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Canadian Recommendations for Rational Care of Persons with Fibromyalgia

  [ Not Yet Rated ]   [ Discuss This Article ] • July 11, 2013

Editor's comment:  This report, issued by the Canadian Pain Society and Canadian Rheumatology Association, appears to be a summary of the "New Canadian Guidelines for Treating Fibromyalgia" released in May 2013. 

Canadian Pain Society and Canadian Rheumatology Association Recommendations for Rational Care of Persons with Fibromyalgia. A Summary Report.

By Mary-Ann Fitzcharles, et al.


OBJECTIVE: To summarize the development of evidence-based guidelines for the clinical care of persons with fibromyalgia (FM), taking into account advances in understanding of the pathogenesis of FM, new diagnostic criteria, and new treatment options.

METHODS: Recommendations for diagnosis, treatment, and patient followup were drafted according to the classification system of the Oxford Centre for Evidence-Based Medicine, and following review were endorsed by the Canadian Rheumatology Association and the Canadian Pain Society.


  • FM is a polysymptomatic syndrome presenting a spectrum of severity, with a pivotal symptom of body pain.

  • FM is a positive clinical diagnosis, not a diagnosis of exclusion, and not requiring specialist confirmation.

  • There are no confirmatory laboratory tests, although some investigation may be indicated to exclude other conditions.

  • Ideal care is in the primary care setting, incorporating nonpharmacologic and pharmacologic strategies in a multimodal approach with active patient participation.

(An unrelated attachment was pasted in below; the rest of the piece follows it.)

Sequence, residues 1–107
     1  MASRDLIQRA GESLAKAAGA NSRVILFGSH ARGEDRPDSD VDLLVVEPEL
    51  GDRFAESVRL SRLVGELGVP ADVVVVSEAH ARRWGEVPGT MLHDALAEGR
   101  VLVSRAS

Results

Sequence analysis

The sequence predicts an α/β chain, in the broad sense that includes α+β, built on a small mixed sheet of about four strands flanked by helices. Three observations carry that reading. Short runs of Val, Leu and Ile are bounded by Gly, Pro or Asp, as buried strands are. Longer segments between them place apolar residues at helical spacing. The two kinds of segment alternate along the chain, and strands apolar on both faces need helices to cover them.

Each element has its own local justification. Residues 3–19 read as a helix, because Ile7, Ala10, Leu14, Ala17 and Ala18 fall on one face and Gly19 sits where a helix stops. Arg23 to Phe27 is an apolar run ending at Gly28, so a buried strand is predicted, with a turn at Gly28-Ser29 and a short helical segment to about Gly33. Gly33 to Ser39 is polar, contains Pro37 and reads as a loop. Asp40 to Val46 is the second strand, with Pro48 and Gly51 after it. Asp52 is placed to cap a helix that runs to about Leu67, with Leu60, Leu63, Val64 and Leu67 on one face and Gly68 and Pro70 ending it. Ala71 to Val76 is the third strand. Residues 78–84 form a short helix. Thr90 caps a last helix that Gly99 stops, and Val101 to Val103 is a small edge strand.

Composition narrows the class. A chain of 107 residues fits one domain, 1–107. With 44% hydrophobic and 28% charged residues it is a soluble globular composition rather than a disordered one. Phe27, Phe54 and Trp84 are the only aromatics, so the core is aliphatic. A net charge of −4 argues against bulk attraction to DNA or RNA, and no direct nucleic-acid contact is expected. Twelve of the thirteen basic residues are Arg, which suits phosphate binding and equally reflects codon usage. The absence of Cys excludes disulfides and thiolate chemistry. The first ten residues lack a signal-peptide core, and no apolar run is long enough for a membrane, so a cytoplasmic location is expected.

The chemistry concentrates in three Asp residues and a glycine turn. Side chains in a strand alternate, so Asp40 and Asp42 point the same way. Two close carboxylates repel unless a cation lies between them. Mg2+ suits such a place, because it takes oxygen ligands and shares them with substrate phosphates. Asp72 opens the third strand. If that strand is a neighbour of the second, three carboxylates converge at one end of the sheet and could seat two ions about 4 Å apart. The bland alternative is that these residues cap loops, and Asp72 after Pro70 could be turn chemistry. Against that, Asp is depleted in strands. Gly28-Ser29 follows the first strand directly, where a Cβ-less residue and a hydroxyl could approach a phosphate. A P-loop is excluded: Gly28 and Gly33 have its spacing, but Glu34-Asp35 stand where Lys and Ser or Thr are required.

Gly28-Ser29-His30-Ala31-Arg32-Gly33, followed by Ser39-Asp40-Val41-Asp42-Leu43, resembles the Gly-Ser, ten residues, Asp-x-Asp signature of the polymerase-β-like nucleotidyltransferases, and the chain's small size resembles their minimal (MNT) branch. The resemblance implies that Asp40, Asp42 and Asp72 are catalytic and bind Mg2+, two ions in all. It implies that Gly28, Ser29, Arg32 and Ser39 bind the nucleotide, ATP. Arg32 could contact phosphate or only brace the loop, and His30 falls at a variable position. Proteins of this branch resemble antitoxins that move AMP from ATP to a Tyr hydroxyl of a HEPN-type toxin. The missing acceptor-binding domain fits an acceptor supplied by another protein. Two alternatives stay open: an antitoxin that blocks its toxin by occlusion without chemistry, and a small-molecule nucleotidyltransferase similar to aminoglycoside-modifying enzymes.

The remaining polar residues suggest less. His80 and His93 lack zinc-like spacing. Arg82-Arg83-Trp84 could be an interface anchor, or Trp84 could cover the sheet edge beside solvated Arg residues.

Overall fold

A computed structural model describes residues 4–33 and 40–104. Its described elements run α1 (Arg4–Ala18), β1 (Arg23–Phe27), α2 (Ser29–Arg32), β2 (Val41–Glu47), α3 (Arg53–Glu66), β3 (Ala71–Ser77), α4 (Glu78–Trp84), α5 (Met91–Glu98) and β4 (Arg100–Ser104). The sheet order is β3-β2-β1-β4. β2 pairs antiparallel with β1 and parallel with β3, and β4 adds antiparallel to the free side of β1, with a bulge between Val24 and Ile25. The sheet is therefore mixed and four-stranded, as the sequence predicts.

• The treatment objective should be reduction of symptoms, but also improved function using a patient-tailored treatment approach that is symptom-based.

  • Self-management strategies combining good lifestyle habits and fostering a strong locus of control are imperative.

  • Medications afford only modest relief, with doses often lower than suggested, and drug combinations used according to clinical judgment.

  • There is a need for continued reassessment of the risk-benefit ratio for any drug treatment.

  • Outcome should be aimed toward functioning within a normal life pattern and any culture of disablement should be discouraged.

CONCLUSION: These guidelines should provide the health community with reassurance for the global care of patients with FM with the aim of improving patient outcome by reducing symptoms and maintaining function.

Source: Journal of Rheumatology, July 1, 2013. By Mary-Ann Fitzcharles, Peter A. Ste-Marie, Don L. Goldenberg, John X. Pereira, Susan Abbey, Manon Choinière, Gordon Ko, Dwight E. Moulin, Pantelis Panopalis, Johanne Proulx and Yoram Shir.  From the Division of Rheumatology, McGill University, Montreal, Quebec; Alan Edwards Pain Management Unit, McGill University Health Centre, Montreal, Quebec; Faculty of Law, Université de Montréal, Montreal, Quebec, Canada; Division of Rheumatology, Tufts University School of Medicine, Boston, Massachusetts, USA; Faculty of Medicine, University of Calgary, Calgary, Alberta; Department of Psychiatry, Faculty of Medicine, University of Toronto, Toronto, Ontario; Centre de la recherche du Centre hospitalier de l'Université de Montréal, and Department of Anesthesiology, Faculty of Medicine, Université de Montréal, Montreal, Quebec; Division of Physiatry, University of Toronto, Toronto, Ontario; and departments of Clinical Neurological Sciences and Oncology, University of Western Ontario, London, Ontario, Canada.

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